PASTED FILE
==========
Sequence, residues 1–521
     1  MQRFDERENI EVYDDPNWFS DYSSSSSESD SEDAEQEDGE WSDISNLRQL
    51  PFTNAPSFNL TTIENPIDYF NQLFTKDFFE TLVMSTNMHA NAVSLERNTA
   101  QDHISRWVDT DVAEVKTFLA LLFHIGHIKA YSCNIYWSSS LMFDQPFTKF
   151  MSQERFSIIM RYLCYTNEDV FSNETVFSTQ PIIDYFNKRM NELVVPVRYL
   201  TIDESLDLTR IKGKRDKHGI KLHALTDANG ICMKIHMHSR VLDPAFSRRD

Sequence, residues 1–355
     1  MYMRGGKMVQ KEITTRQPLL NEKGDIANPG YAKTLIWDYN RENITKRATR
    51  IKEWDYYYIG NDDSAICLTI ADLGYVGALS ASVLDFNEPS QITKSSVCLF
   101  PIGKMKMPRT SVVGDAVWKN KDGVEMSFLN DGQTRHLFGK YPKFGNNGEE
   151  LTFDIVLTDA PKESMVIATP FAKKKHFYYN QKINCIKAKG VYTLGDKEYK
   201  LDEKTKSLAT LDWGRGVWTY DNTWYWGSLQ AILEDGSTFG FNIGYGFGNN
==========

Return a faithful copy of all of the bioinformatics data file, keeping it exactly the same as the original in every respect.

Sequence, residues 1–521
     1  MQRFDERENI EVYDDPNWFS DYSSSSSESD SEDAEQEDGE WSDISNLRQL
    51  PFTNAPSFNL TTIENPIDYF NQLFTKDFFE TLVMSTNMHA NAVSLERNTA
   101  QDHISRWVDT DVAEVKTFLA LLFHIGHIKA YSCNIYWSSS LMFDQPFTKF
   151  MSQERFSIIM RYLCYTNEDV FSNETVFSTQ PIIDYFNKRM NELVVPVRYL
   201  TIDESLDLTR IKGKRDKHGI KLHALTDANG ICMKIHMHSR VLDPAFSRRD

Sequence, residues 1–355
     1  MYMRGGKMVQ KEITTRQPLL NEKGDIANPG YAKTLIWDYN RENITKRATR
    51  IKEWDYYYIG NDDSAICLTI ADLGYVGALS ASVLDFNEPS QITKSSVCLF
   101  PIGKMKMPRT SVVGDAVWKN KDGVEMSFLN DGQTRHLFGK YPKFGNNGEE
   151  LTFDIVLTDA PKESMVIATP FAKKKHFYYN QKINCIKAKG VYTLGDKEYK
   201  LDEKTKSLAT LDWGRGVWTY DNTWYWGSLQ AILEDGSTFG FNIGYGFGNN